A Bronze Age Stone Wall

Credit: BiblePlaces.com, Jerusalem, City of David

In Numbers 13 God tells Moses to send men to scout the land to which Israel was destined to enter. The selected men “went up and explored the land from the Desert of Zin as far as Rehob, toward Lebo Hamath. They went up through the Negev and came to Hebron, where Ahiman, Sheshai and Talmai, the descendants of Anak, lived. Hebron had been built seven years before Zoan in Egypt.” Upon their return they reported that “the people who live there are powerful, and the cities are fortified and very large. We even saw descendants of Anak there. The Amalekites live in the Negev; the Hittites, Jebusites and Amorites live in the hill country; and the Canaanites live near the sea and along the Jordan.”

In 2 Samuel 5, King David captured a Jebusite city. “The king and his men marched to Jerusalem to attack the Jebusites, who lived there. The Jebusites said to David, “You will not get in here; even the blind and the lame can ward you off.” They thought, “David cannot get in here.” Nevertheless, David captured the fortress of Zion, which is the City of David.

Human history is divided into periods defined by the level of technology that humans had reached. The Stone Age is followed by the Copper Age, which is followed by the Bronze Age. The Middle Bronze Age in the southern Levant is roughly between the years of 2100-1600 BCE. Subdivided further, the Middle Bronze Age II period falls in the 18th century BCE.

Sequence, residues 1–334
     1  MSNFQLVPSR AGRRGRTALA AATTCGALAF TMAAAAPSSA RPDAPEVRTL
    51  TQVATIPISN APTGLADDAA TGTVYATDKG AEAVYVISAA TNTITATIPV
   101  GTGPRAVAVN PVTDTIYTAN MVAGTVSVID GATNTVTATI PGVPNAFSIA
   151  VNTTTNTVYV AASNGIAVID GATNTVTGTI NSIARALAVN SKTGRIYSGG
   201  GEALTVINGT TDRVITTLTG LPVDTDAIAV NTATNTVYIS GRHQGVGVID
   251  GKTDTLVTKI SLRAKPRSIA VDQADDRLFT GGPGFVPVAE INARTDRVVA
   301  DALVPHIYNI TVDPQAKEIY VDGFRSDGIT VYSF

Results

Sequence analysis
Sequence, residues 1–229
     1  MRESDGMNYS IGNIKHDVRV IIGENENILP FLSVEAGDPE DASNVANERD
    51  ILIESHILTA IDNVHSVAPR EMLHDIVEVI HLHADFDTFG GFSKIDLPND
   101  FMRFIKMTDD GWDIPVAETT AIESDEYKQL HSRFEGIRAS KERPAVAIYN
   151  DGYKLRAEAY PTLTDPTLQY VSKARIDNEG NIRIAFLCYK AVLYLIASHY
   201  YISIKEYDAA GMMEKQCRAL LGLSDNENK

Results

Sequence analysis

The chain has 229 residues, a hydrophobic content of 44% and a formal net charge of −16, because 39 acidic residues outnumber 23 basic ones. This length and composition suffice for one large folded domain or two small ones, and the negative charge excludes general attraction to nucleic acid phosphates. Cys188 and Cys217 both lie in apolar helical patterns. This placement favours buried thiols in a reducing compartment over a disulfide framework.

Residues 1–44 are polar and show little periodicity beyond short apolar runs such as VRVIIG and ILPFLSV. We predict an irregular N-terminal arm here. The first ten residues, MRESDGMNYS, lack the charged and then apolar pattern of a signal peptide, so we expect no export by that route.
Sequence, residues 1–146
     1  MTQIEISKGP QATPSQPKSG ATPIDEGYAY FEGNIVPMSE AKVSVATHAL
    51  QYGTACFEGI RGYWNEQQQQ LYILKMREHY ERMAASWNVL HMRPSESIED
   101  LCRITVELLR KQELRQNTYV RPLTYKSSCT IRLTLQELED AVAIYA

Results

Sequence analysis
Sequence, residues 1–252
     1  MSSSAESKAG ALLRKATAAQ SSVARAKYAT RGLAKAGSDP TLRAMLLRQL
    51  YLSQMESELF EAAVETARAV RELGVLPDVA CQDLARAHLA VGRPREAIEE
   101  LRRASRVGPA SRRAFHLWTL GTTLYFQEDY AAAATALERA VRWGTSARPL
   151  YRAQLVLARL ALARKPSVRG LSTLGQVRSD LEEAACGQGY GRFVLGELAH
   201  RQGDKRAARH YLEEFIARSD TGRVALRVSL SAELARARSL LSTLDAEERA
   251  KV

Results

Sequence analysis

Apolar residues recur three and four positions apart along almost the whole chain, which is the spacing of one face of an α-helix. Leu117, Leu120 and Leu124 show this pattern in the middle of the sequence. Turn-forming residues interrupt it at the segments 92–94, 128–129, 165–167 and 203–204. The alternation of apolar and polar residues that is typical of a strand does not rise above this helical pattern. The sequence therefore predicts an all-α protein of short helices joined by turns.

The Middle Bronze II period coincided with the demise of centralized authority in Egypt. Egypt’s Middle Kingdom declined, initiating the more localized rule of the Second Intermediate Period. It also marks the early period of the establishment of the Hittites in Anatolia, before it later developed into the Hittite Empire. With the relative weakness of the kingdoms in Anatolia and Egypt, cities in the region of Canaan, were able to develop.

One city in Canaan that may have developed and become fortified at this time is Jerusalem. 

Today’s Old City of Jerusalem encompasses the Temple Mount on Mount Moriah, the Tyropoeon Valley, in the area of the Western Wall Plaza, and the Western Hill, in the area of Jaffa Gate. But this entire area may not have been part of the original city of Jerusalem. Instead, some believe that the original city is in the area of what is today called the City of David, the area beyond the Old City’s southern wall.

In the City of David, archaeologists unearthed an ancient wall on the eastern side of the hill. The dating of the wall is a matter of debate, but many place the date of the ancient fortification to the Middle Bronze II period. The wall bears a similarity to other Middle Bronze defensive walls in Hebron, Shechem and other sites, potentially anchoring it to this period. If correctly dated, it is early evidence for Jerusalem having been in existence during the Middle Bronze Age. 

In the image above, the stones in the foreground are of the wall some identify as the Middle Bronze Age wall.

If the wall in Jerusalem was about keeping people out, a Johnny Cash song about a wall to keep people in: